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01.20.08

Sunday Humour: Oracle Forks the Linux Kernel

Posted in GNU/Linux, Humour, Kernel, Oracle at 4:28 am by Dr. Roy Schestowitz

Oracle Announces Immediate Availability of the Ellinux Kernel

Bogus press release, for IMMEDIATE RELEASE

LONDON, England 20-JAN-2008 03:42 AM — Oracle has formally announced that it is no longer willing to become dependent on third parties. As such, the company has made the decision to fork the Linux kernel and have it optimized for better database performance and adapted to more restrictive licenses. “I am very pleased to share my kernel with a group of trusted partners,” said the company’s CEO, Larry Ellison. “I could not let my ego be deflated by allowing a guy from Finland to maintain control and therefore Ellinux was born,” he continued.

Oracle’s acquisition of Hyperion in March 2007 and BEA Systems only days ago provides more pieces with which Oracle hopes to compete against other software giants. The latter acquisition is bound to have a project renamed BEAllison and its new headquarters will be based in a yacht somewhere in the Pacific Ocean. Oracle’s CEO previously commented on this decision, adding that its purpose was to ensure that Paul Allen’s yacht does not remain larger than his private one. Insinuation that this decision was related to Ellison’s self-esteemed were dismissed by analysts at IDC, which is a pay-to-say analyst firm whose prime investor is Larry Ellison.

For the full report, please contact Mister Black at IDC, mblack@idc.com

About Oracle

Oracle (NASDAQ: ORCL) is the world’s largest enterprise software company. For more information about Oracle visit our Web site at http://www.oracle.com.

Trademarks

Oracle is registered trademark of Oracle Corporation and/or its affiliates. Other names may be trademarks of their respective owners.


Shares of Oracle rose 13.4% just minutes after this historical announcement. Linus Torvalds was not available for comment at the time of publishing.

Closed Formats Require Standardisation Through a Closed Process

Posted in ECMA, Formats, GNU/Linux, Hardware, Microsoft, Open XML, Windows at 3:53 am by Dr. Roy Schestowitz

OOXML data vacuum

Thousands of comments on OOXML, which Microsoft and its partners apparently try to hide and make unavailable (or too cumbersome for many to access for further scrutiny), were put here, but bandwidth has apprently just run out.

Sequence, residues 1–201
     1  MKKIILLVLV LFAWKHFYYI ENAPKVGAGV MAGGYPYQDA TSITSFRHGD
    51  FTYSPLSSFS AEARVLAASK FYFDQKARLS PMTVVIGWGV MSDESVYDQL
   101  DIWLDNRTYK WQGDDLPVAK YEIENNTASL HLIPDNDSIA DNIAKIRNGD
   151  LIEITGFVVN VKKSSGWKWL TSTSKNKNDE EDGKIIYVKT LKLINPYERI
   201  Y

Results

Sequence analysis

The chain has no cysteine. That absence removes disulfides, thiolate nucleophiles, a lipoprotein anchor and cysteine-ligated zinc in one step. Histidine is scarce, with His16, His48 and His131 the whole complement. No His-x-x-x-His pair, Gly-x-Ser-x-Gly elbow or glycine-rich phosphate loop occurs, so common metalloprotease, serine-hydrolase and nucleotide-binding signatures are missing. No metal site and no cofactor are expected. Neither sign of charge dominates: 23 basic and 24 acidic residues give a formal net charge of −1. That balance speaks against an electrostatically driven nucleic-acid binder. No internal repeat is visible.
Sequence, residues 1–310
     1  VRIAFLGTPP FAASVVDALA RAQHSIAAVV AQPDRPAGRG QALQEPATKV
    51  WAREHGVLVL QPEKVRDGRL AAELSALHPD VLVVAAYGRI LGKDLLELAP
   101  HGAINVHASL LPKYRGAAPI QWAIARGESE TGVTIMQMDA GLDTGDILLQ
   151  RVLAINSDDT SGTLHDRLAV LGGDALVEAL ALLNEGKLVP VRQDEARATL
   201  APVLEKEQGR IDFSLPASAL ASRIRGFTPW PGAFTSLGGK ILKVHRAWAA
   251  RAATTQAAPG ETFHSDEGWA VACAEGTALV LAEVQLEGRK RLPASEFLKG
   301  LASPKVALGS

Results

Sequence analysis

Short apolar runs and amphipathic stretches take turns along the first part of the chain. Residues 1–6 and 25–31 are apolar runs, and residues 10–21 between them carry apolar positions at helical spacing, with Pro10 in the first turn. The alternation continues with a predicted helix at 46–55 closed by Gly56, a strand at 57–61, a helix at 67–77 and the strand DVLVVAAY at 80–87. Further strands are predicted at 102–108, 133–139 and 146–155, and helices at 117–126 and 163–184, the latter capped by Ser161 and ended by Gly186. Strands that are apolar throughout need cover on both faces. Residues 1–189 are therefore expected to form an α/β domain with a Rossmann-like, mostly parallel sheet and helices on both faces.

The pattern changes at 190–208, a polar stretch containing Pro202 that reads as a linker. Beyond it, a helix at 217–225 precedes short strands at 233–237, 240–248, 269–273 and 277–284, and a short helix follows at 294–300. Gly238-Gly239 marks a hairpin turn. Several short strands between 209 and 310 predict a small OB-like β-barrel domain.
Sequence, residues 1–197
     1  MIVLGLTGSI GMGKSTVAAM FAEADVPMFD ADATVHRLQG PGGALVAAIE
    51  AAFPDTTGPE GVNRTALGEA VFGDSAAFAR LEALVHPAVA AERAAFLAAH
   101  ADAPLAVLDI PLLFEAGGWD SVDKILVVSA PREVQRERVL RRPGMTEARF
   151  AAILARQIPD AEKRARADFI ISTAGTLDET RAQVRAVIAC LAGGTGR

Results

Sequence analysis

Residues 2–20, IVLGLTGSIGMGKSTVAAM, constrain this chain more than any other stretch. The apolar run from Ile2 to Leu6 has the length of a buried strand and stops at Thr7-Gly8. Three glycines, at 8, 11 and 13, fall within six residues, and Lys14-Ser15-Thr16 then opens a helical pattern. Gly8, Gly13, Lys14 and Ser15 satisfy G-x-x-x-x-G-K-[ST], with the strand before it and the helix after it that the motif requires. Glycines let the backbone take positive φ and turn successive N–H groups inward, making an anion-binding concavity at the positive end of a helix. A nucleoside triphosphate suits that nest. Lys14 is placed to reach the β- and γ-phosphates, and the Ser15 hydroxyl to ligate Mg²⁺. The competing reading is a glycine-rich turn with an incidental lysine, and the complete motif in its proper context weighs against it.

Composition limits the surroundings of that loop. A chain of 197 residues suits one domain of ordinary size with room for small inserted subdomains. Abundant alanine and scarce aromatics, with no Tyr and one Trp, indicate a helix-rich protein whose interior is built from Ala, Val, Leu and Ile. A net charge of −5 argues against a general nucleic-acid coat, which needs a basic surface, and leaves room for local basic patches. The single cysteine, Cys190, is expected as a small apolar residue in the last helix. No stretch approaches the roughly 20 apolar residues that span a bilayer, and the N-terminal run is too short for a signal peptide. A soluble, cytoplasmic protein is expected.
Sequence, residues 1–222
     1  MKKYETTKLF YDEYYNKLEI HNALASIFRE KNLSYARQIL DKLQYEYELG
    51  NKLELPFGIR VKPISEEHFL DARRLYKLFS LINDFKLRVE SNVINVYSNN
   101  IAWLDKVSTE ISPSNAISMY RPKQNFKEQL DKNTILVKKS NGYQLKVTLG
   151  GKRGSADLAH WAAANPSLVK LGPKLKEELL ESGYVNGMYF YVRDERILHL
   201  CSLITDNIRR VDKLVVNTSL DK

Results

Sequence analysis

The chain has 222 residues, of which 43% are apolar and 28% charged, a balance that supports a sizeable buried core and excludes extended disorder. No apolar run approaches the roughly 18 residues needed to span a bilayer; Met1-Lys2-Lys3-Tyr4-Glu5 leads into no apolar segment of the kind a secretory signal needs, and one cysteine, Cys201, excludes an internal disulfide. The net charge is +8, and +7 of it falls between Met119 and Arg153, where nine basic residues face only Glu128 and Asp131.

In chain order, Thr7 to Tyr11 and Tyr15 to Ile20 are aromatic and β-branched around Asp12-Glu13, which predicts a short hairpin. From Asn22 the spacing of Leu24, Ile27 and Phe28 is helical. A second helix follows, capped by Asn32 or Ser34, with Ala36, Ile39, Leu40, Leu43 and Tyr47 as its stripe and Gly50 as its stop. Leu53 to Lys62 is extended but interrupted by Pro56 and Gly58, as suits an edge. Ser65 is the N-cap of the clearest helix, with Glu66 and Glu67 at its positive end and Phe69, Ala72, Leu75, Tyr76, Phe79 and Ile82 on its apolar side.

“This is absolutely unacceptable. It’s outrageous, scandalous even.”Little time is left before the BRM begins and it seems more and more obvious by the day that Microsoft hopes to be the supervisor, the moderator, the voter, the maintainer, and the gatekeeper. This is absolutely unacceptable. It’s outrageous, scandalous even. Who can possibly approve such sociopathic behaviour in a process that was supposed to involve gentlemen?

This OOXML fiasco is far from the first. We could truly learn a lesson from Windows-only graphics. Remember OpenGL, the ‘ODF of graphics’?

Small comment again. Got into a discussion over OpenGL. Now, as I’ve posted before, I hold that DirectX is a dead format. It’s a proprietary API that locks developers out of the maximum number of systems they can publish on.

[...]

The second is… Microsoft. What makes this even more odd is that I know that unlike Nintendo, Microsoft used to be part of the OpenGL Architecture Review Board. So…

The next time someone says to you that Microsoft supports open Standards… point out that Microsoft left OpenGL in 2003… and hasn’t made any effort to rejoin.

Microsoft is still hoping to escape into the horizon with its so-called ‘ISO standard’, which it then will work on and extend in isolation, just as Brian Jones pretty much predicted. If there are lessons to be learned which pertain to labour, complexity and cost, it’s in OpenGL and DirectX. Try approaching NVIdia and ATI/AMD engineers who need to support two APIs rather than one universal API.

A Month of OOXML Publicity Stunts and Microsoft’s Fake Openness

Posted in BSD, Deception, ECMA, Europe, Formats, Microsoft, Open XML, Standard at 3:40 am by Dr. Roy Schestowitz

Open… for interpretation

By this stage, many people have possibly forgotten the Burton Group-Microsoft stunt. It isn’t the latest one though. As the following short article indicates, Microsoft’s claim that OOXML has opened up further (as once requested) is nothing but another stunt.

One has to wonder where Microsoft thinks it’s going to find anyone competent who’s willing to write open source BSD licenced code that can only benefit the Vole [Microsoft] itself, without any compensation except a promise not to get sued.

Sam Hiser actually predicted something of this kind about 4 months ago when we corresponded. He said that Microsoft would let some binaries go at the last minute in order to give its little standardisation-by-corporation campaign a much-needed boost.